A Bridge to the Stars

Copyright © 2014 Deborah M. Zajac. ALL RIGHTS RESERVED

Bridge to the StarsThis image of the Milky Way is one I made several weeks back while on a camping trip with friends in Stanislaus National Forest in Northeastern CA. USA.
While imaging the sky I saw several shooting stars, and hoped I’d capture some on film. I got lucky and got one in this frame. You see it streaking down in the upper left of the frame.
The Bootes Meteor Shower was happening on this night, but don’t think this is one of those. This is coming from the wrong direction.

It was a gorgeous night, and the sky was gorgeous filled with so many stars.

Nikon D700| AF-S 17-35mm @ f2.8| 20sec| ISO 5000| Manual Priority| Matrix Metering| Tripod

“Did you finally get the chance to dance along the light of day ,and head back to the Milky Way?”Train – Drops Of Jupiter

Copyright © Deborah M. Zajac. ALL RIGHTS RESERVED

"Did you finally get the chance to dance along the light of dayAnother image from my week-end with friends camping in the Stanislaus National Forest in North Eastern California. We had great weather, and two nights of gorgeous dark skies.

Here in the Northern Hemisphere the constellation Sagittarius rises in the southern sky bringing with it a very dense part of the Milky Way: a large plume of white milky gas, and dust, and running through it a dark lane called the Great Rift with all its tributaries standing out marvelously in the night sky.

We scouted for locations during the afternoon and found this location off trail. We hiked through a hillside full of mesquite, and low bushes keeping an eye and ear out for Rattlesnakes then we climbed on top of a huge granite slab to get a higher perspective.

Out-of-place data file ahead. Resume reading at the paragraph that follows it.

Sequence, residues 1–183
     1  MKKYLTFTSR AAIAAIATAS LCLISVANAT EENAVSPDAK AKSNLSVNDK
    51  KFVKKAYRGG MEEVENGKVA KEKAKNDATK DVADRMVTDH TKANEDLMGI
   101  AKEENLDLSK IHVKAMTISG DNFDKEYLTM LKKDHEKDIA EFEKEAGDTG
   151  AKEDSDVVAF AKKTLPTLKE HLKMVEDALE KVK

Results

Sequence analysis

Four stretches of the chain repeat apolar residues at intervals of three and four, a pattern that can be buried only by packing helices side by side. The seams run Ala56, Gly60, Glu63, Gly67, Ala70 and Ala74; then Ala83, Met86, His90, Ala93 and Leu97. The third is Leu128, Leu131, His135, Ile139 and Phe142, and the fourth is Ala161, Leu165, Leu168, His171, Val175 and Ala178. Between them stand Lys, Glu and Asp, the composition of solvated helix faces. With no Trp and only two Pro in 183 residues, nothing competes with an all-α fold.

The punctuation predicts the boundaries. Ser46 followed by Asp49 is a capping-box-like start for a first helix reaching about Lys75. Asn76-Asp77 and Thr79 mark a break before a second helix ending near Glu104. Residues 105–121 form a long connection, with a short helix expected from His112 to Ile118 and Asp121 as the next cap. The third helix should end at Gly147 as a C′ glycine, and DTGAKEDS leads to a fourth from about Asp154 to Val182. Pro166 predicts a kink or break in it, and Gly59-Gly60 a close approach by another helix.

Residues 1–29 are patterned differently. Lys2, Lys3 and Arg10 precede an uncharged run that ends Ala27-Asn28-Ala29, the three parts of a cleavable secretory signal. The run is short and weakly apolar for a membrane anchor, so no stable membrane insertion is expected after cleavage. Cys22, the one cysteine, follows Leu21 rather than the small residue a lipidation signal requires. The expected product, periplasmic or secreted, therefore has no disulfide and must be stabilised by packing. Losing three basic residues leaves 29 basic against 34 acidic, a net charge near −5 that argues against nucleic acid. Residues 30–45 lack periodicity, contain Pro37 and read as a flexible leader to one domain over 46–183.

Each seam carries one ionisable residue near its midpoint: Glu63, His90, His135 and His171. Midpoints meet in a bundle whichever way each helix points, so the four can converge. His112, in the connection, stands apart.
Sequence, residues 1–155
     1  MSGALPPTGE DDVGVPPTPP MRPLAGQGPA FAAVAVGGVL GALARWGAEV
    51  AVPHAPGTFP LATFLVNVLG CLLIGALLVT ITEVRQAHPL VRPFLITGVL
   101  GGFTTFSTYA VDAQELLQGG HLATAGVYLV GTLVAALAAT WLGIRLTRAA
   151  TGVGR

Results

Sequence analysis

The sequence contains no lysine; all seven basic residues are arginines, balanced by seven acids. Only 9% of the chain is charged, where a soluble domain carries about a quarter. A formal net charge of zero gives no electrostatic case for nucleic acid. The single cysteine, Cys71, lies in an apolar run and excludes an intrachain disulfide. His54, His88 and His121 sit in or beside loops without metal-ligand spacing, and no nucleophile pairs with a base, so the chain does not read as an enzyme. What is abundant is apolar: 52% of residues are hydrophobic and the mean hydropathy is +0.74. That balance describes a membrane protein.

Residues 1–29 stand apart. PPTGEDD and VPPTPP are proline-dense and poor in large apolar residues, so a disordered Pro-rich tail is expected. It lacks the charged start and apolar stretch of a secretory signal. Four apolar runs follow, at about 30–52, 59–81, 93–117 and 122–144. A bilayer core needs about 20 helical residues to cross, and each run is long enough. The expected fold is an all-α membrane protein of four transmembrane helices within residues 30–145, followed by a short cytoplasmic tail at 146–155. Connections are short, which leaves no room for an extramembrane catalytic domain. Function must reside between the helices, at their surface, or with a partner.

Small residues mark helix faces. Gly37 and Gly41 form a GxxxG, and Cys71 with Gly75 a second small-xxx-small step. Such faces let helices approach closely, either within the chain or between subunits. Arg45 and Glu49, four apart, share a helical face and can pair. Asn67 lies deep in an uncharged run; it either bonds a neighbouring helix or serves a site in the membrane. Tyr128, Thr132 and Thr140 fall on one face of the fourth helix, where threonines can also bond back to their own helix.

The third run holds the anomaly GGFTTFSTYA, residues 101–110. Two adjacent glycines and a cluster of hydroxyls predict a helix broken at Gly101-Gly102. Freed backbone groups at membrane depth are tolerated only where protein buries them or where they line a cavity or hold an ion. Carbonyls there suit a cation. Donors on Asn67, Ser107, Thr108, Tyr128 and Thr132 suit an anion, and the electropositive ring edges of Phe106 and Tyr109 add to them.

It was wonderful to be under such a dark sky and see so many stars, the Milky Way, and a few shooting stars, and it was really great having Marsha for company. It had been a long time since we’d been out shooting the stars together.
We’re making plans to return to this area for more night imaging.
You can see Marsha’s work here.

Nikon D700| AF-S 17-35mm @17mm| f2.8| 20 seconds| ISO 3200| Manual Priority| Tripod

P52 26/52 Milky Way Rising and Falling Star

Copyright © 2014 Deborah M. Zajac. ALL RIGHTS RESERVED

P52 26 of 52 Milky Way  Rising and Falling Star Stanislaus NatioSome friends and I went camping in North Eastern CA over the week-end to take advantage of the Moonless nights, and get away from light pollution which is ideal for night sky imaging. I got lucky and saw quite a few falling stars throughout the week-end.
The sky was so dark that ISO 3200 wasn’t enough to bring out more of the Milky Way’s light. I made adjustments the following evening. In this image the Milky Way is just rising above the mountains and was still too light out to get the rich detail of the gas, dust, and dark vein of the Great Rift, but I want to share the falling star that was streaking along the MW that I captured. Though faint I thought it was neat.

Nikon D700| AF-S Nikkor 17-35mm @17mm | 20 seconds| ISO 3200| Manual Priority| Tripod

Travelerette enjoying the view of the Stanislaus River. This was right behind our campsite.

Travelerette on the  Stanislaus RiverOur campsite was in a Walk-in campground.  There were 10 campsites, with one Vault toilet, no potable water, and tent camping only. Fortunately, we were able to get a spot with shade and on the river. No reservations; this campground is “first come-first serve.

Campsite No 4My tent is on the left under a big pine tree. It’s a Big Agnes 2. I have plenty of room for me and my stuff.  The tent set up is color coded so, it’s a breeze to set up.

I took my old Red Rider wagon which made hauling our gear to and from the campsite a piece of cake. The hike in was about an 1/8 of mile…maybe a wee bit less. The days were hot, but not unbearable, sitting in the shade I got chilly, the nights, and mornings were chilly, but by 8AM both mornings I was shedding layers. We met some lovely people all were also from the Bay Area.

more to come…